Population forecast, Caribbean Netherlands 2022-2050
The population of the Caribbean Netherlands is expected to grow from the present 27.7 thousand to 31.8 thousand by the year 2030. Last year’s forecast anticipated 31 thousand inhabitants in 2030.
Assumptions on migration
The migration balance (immigration minus emigration) observed in 2021 was 300 persons higher than projected in the 2021 forecast. This has resulted in a higher migration balance for the first couple of years according to the new forecast.
In the previous forecast, it was assumed that the pandemic’s restrictive effect on the immigration of persons born outside of the Caribbean Netherlands would have diminished within four years (2022 up to 2025 inclusive) and therefore completely disappeared by 2026. The current forecast also corresponds with the projections in the 2019 forecast from 2026 onwards. However, the immigration level as expected for 2030 was recalculated, taking into account the 2019 immigration figures.
In principle, the average of observations from 2014 to 2019 inclusive was used to determine the level of immigration in 2030. This method was not applied to a number of groups, either because the level of immigration was reasonably stable over a longer period, or because continuous changes in immigration made it desirable to use the level shortly before the pandemic as a basis (see table below).
|Island||Country of birth|
|Aruba, Curaçao, St Maarten||European Netherlands||Other|
To determine the probability of departure of these immigrants by length of stay, the estimates in the previous forecast were used. According to these estimates, 91 percent of immigrants born in the European Netherlands, 66 percent of those born in Aruba, Curaçao or St Maarten and 76 percent of those from other countries will eventually leave. It is also expected that 54 percent of emigrants born in the Caribbean Netherlands will eventually return.
Just as in previous forecasts, the basic assumption is that net migration stands at zero as of 2050, which means equal numbers of immigrants and emigrants. The migration balance is assumed to gradually decrease to zero between 2030 and 2050.
Assumptions on mortalityIn 2021, the total number of deaths in the Caribbean Netherlands was nineteen higher than expected in the previous forecast. For the coming years as well, the expected number in the current forecast is higher than in the previous one, because there are more inhabitants according to the current forecast. As in previous forecasts, it is assumed that mortality risks for residents of the Caribbean Netherlands decrease at the same rate as for residents of the European Netherlands.
Assumptions on birthsIn 2021, the total number of live births in the Caribbean Netherlands was seven lower than expected in the previous forecast. Nevertheless, the expected number in the current forecast has been adjusted upwards compared to the previous forecast. This is because a larger number of inhabitants aged around 30 is anticipated in the longer term, leading to more births.
Between 1 January 2011 and 1 January 2022, the population of the Caribbean Netherlands rose from 21.1 thousand to 27.7 thousand. This represents an average population growth of nearly 3 percent per year. By 2030, the forecast projects a population of 31.8 thousand, i.e. an annual growth rate of 1.9 percent. According to the forecast, growth will come to a halt around 2050. By that time, the Caribbean Netherlands is expected to have more than 34 thousand inhabitants.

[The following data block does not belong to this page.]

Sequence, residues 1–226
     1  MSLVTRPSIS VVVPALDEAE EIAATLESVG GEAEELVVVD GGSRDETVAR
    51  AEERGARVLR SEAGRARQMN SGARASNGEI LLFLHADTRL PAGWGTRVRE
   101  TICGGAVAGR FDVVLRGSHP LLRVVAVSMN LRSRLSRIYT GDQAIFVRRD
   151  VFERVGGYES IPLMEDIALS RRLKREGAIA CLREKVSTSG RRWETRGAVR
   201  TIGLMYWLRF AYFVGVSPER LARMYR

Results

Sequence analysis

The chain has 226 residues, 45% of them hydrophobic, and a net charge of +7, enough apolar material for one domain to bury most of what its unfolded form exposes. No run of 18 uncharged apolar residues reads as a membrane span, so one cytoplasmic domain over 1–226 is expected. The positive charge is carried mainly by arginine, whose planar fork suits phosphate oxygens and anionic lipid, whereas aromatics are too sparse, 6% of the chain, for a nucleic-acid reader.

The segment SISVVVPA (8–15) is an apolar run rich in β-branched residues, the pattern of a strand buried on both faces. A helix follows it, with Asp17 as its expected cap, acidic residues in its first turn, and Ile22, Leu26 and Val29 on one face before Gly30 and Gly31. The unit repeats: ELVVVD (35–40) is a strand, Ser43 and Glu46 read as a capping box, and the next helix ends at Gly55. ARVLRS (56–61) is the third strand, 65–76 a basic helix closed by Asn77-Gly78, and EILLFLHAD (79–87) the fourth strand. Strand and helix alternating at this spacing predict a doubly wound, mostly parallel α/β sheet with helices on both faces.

Since 2011, Bonaire has seen the strongest population growth of the three islands. Until 2030, the forecast projects the strongest growth for Bonaire, and between 2030 and 2050 for St Eustatius (see table below).
|Island||Population (x 1,000)|
The previous forecast projected a lower population for all islands by 2050 than the new forecast. The previous population forecast was lower by 500 for Bonaire; by 300 for St Eustatius, and by 200 for Saba. This is due to the aforementioned higher expected migration balance and the higher numbers of live births.
The share of residents of the Caribbean Netherlands who were born there or on one of the islands Aruba, Curaçao or St Maarten is expected to fall slightly until 2030: from 55 to 53 percent. Approximately 14 percent of the current population were born in the European Netherlands and 31 percent elsewhere. This is expected to shift to 13 and 34 percent respectively in 2030.
In the following years, according to the current forecast, the share of residents born on one of the islands of Aruba, Curaçao or St Maarten will increase by one percentage point and the share of residents born in the European Netherlands will decrease by one percentage point. In the 2021 forecast, the projections for 2030 were virtually the same. The share of residents born on one of the islands (Aruba, Curaçao or St Maarten) was one percentage point higher than in the current forecast, while the share of residents born elsewhere was one percentage point lower. The proportion of residents born in the Caribbean Netherlands was the same.
The Caribbean Netherlands has an increasingly ageing population. Previous forecasts projected that the proportion of residents aged 65 and over would start to increase. This is also the case in the current forecast. At the start of 2022, 14 percent of the Caribbean Dutch population were 65 years or older. For 2030, it is projected that 19 percent of the population will be over-65s; for 2050, this projection is 28 percent. This is similar to the expectation in the previous forecast.
- Table - Population forecast Caribbean Netherlands 2022-2050
- Table - Population forecast Caribbean Netherlands 2021-2050
- Background article - Population forecast Caribbean Netherlands 2020-2050
- Dossier - Caribbean Netherlands